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In addition to the local news, WXPR Public Radio also likes to find stories that are outside the general news cycle... Listen below to stories about history, people, culture, art, and the environment in the Northwoods that go a little deeper than a traditional news story allows us to do. Here are all of the series we include in this podcast: Curious North, We Live Up Here, A Northwoods Moment in History, Field Notes, and Wildlife Matters.These features are also available as a podcast by searching "WXPR Local Features" wherever you get your podcasts.

Jean Nicolet, French Diplomat to Wisconsin’s First Nations

Wisconsin Historical Society

Nicolet is a familiar name in the Northwoods. There are many small businesses that carry the name, a college, and perhaps most important, a National Forest.  Most Northwoods residents have heard of Jean Nicolet, but how many know who he really was? 

Jean Nicolet is a celebrated individual in Wisconsin history and is credited as the first European to set foot in what is today the state of Wisconsin.  Schoolchildren are familiar with the famous 1907 Edwin Willard Deming painting depicting Nicolet’s first landing near what is today Green Bay, and many have visited Nicolet’s statue, erected in 1950 near Red Banks where it is said that he landed.

The traditional story goes that Jean Nicolet was an explorer sent west by Samuel de Champlain to find a route to China through the Great Lakes.  Turning south into Lake Michigan, he landed near Red Banks just northeast of Green Bay.  Making shore at a Ho Chunk village, he dressed in an elaborate Chinese robe, held two pistols in the air, and fired them to celebrate his arrival.

Most of that traditional story is based on sketchy evidence or bad translations of a four-page 17th century French Jesuit document.  While the traditional story is largely inaccurate, the true story is no less remarkable.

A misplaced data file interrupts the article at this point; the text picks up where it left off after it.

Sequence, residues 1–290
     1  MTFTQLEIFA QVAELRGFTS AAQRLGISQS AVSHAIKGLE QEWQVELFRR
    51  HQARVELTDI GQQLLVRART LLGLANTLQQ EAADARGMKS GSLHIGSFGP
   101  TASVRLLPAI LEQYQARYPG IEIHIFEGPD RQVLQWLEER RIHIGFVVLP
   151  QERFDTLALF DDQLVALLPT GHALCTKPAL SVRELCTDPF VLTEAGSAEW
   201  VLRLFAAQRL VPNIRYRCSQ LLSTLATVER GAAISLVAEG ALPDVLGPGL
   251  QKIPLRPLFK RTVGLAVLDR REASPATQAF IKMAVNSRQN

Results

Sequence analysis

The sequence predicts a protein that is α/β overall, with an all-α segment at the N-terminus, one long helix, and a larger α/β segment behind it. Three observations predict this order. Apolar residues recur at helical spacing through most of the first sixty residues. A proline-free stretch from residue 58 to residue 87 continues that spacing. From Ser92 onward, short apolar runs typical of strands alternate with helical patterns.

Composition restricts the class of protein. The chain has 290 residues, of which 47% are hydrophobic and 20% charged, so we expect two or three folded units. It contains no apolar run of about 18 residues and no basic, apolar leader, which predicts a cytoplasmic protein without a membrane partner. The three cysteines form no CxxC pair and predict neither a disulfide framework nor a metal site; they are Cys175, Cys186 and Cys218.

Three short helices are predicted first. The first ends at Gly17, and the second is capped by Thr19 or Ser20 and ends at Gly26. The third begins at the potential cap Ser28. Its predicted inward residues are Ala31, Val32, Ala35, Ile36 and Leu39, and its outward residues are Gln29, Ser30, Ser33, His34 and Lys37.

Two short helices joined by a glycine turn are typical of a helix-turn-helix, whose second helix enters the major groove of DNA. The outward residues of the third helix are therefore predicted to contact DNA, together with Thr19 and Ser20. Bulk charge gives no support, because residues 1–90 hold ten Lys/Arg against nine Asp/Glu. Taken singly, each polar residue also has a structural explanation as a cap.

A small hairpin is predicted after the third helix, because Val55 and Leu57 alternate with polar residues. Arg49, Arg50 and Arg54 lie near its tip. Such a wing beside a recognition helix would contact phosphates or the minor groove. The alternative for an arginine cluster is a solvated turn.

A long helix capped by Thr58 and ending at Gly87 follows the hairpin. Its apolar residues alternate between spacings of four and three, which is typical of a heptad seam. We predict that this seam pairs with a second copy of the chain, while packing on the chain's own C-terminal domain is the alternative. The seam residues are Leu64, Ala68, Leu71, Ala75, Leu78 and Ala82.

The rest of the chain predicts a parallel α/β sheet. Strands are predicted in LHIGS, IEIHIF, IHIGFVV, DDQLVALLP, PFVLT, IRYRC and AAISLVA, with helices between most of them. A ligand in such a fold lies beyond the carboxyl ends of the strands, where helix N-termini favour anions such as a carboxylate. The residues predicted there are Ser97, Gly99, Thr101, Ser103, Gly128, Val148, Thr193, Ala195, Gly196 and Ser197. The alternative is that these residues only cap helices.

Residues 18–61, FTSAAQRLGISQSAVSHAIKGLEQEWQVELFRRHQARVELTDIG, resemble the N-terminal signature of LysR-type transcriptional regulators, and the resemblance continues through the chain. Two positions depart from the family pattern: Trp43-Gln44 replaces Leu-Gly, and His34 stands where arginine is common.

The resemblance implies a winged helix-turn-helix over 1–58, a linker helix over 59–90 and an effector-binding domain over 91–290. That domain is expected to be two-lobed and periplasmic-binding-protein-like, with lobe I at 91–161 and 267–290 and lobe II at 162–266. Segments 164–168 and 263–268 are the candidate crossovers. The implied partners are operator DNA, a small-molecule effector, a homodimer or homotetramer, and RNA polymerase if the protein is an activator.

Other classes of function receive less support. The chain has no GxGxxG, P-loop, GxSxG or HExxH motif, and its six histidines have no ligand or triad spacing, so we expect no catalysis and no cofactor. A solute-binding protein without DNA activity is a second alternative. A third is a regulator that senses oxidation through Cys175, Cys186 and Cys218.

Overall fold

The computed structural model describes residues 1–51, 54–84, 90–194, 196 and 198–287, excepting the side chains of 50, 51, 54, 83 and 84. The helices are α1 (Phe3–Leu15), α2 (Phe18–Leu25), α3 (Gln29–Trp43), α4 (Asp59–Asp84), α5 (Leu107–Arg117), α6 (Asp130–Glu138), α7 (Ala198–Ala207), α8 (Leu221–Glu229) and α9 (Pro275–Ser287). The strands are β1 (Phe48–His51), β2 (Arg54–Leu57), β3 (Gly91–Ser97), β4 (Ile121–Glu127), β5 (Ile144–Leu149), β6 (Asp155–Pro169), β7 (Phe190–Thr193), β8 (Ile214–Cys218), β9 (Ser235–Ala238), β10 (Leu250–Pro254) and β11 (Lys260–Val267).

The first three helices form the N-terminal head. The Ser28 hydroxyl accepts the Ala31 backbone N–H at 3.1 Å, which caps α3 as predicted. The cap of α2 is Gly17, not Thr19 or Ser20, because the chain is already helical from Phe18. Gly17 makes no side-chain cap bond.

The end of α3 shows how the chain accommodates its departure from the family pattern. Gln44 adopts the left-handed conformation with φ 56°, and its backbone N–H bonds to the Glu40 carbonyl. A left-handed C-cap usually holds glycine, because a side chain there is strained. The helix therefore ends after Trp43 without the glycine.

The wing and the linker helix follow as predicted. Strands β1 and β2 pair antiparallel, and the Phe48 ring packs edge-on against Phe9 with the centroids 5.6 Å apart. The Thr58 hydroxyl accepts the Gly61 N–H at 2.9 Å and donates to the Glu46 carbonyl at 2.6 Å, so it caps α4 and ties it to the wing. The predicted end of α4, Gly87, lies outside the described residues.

Jean Nicolet was born in the late 1590s in France.  His father was a friend to Samuel de Champlain, the founder of Quebec and New France.  In 1619, about the time that Nicolet turned twenty, Champlain brought him to North America and gave him a position as diplomat and interpreter to Canada’s First Nations.  Nicolet spent the next ten years living among the Indigenous peoples of Quebec.  He studied hard and became fluent both in Algonquin and Iroquoian languages.

During this time, the French fur trade was expanding westward across the Great Lakes.  This rapid economic expansion led to fighting amongst First Nations over who would control the fur trade.  This was the beginning of the century-long Beaver Wars, and word reached the French colony of a powerful tribe trying to control the commerce in the western edge of the trade territory.  These were the Ho-Chunk.

Both Champlain and Nicolet had been up and down the lakes and had talked to enough Native leaders to know that there was no route to the Pacific through the Great Lakes.  Therefore, when Champlain sent Nicolet west in 1634 it was not as an explorer looking for a mythical route to China or to add territory; rather, it was as a diplomat seeking to open trade relations with the First Nations of Wisconsin.

At this point the story gets controversial.  The best evidence right now indicates that Nicolet landed at a Menominee village near what is today Marinette rather than Red Banks.  The Ho-Chunk shared control over Green Bay, but their population center was further south.  Nicolet did not dress up in a Chinese-style gown either.  What he had was a silken cape that was common among Europeans of Nicolet’s social class.  Furthermore, Nicolet did not fire his pistols into the air as black powder wheellocks did not work that way.

Jean Nicolet was an accomplished diplomat who opened relations with the First Nations of Wisconsin.  Despite his many adventures on the Great Lakes, Nicolet never learned to swim and drowned when his boat capsized in the St. Lawrence in 1642.

In addition to being a historian and educator, Gary R. Entz serves on WXPR's Board of Directors and writes WXPR's A Northwoods Moment in History which is heard Wednesdays on WXPR's Morning Edition and All Things Considered.
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